Steroids tarnish users’ honesty, hide true accomplishments

The common arguments against steroid use fail to identify the most important problem with performance enhancement in sports.The central issue isn’t cheating.

Certainly, breaking rules violates codes of ethics. But what if a contest allowed steroids, so the athletes and fans knew what to expect and the record books stayed accurate?

Then, cheating wouldn’t remain an issue.

Nor is the central issue damaging a person’s body.

Ken Caminiti, a former Texas Ranger and MVP, admitted to using steroids in 2002 in a Sports Illustrated article, becoming the first professional baseball player to confess. He died of a heart attack in 2004.

Whether it’s sugary soft drinks or cigarettes, we all choose to take in unhealthy substances from time to time for short-term benefits.

Doing so simply comes from cost-benefit analyses that should be considered personal decisions as long as the choices don’t infringe upon others’ rights.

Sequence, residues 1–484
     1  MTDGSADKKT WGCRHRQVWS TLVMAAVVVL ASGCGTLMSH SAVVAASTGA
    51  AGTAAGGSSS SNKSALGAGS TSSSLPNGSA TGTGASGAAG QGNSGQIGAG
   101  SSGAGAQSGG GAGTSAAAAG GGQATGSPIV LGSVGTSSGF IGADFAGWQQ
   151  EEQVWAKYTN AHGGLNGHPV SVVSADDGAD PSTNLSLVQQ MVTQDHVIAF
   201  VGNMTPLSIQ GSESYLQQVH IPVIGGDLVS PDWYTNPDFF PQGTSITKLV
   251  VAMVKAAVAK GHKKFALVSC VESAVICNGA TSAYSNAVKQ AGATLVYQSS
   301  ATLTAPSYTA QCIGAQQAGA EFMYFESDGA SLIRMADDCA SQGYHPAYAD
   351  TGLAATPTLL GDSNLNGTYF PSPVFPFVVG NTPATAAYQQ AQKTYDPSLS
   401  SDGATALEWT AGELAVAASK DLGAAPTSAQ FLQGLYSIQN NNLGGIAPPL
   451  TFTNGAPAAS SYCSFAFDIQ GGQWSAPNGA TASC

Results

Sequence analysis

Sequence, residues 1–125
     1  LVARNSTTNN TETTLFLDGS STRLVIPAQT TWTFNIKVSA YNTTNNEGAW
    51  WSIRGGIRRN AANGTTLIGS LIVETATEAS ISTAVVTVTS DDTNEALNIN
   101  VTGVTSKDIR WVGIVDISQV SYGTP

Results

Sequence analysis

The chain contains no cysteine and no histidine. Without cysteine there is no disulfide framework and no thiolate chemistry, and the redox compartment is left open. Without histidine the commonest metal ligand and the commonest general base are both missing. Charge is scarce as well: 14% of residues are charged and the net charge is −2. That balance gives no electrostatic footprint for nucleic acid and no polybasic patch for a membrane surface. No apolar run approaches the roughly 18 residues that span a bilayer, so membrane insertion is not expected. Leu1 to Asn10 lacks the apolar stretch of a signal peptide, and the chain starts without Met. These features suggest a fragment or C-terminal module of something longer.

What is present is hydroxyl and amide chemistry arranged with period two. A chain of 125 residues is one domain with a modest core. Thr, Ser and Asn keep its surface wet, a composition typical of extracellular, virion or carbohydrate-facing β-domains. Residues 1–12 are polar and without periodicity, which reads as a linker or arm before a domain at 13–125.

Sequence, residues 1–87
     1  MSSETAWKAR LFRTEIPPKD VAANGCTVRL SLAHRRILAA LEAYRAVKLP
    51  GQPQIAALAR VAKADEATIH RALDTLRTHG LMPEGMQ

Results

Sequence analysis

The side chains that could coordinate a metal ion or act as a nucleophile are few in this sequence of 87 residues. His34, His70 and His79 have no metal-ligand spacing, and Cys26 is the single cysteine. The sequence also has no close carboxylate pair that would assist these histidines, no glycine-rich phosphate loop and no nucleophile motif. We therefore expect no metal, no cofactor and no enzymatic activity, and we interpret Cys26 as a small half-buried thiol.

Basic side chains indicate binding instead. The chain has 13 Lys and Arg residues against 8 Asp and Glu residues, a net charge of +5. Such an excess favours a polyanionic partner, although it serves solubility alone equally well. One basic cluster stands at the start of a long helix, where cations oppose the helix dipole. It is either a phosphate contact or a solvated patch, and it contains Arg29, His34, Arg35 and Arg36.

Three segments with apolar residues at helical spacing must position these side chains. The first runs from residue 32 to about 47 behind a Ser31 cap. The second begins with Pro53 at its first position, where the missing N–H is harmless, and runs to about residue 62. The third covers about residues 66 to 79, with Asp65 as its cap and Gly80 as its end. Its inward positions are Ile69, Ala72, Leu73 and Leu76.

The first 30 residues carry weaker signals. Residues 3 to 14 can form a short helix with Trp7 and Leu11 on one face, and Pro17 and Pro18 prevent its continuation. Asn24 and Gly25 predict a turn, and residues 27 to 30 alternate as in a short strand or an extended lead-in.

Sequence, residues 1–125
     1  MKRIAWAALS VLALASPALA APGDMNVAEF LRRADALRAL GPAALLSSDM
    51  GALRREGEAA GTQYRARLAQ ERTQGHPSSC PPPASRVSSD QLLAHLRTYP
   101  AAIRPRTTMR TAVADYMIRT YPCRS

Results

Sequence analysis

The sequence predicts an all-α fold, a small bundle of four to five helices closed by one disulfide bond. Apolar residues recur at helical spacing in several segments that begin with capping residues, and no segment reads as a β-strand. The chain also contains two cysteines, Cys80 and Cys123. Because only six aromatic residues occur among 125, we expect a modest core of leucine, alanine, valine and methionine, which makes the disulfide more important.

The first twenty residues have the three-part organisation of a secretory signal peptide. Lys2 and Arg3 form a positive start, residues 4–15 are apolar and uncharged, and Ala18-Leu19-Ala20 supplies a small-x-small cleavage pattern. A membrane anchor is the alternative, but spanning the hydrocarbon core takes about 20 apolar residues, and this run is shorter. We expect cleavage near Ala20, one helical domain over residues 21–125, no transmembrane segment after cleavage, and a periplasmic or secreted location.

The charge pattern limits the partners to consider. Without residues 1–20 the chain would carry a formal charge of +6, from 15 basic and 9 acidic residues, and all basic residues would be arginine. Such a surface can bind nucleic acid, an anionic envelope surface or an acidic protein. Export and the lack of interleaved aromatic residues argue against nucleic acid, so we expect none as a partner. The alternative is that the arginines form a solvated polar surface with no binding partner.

So health consequences, while a legitimate concern for an individual, don’t represent anything as terrible as not knowing the truth about a person’s own abilities.

Fans want to see who has the best skill, not the best pharmaceutical knowledge.


Because sports demonstrate the potential and power of the mind and spirit actualized in its most primal form – the human body.

An athlete using steroids never knows how much of his or her accomplishment represents a triumph of mind and spirit, and how much simply comes from drugs.

Neither does the fan paying for the athlete’s career.

The goal of any endeavour is to make the best use of a person’s mind and spirit, while knowing an accomplishment isn’t artificial.

From that comes the most happiness.

In the race to win at all costs, the steroid abuser, or the artist using drugs or the student popping Adderall without a prescription, forgets the joy that comes from reaching natural potential in an honest fashion as opposed to what amounts to sneaking off to a store to purchase a trophy.

Douglas Lucas is a senior English and philosophy major from Fort Worth.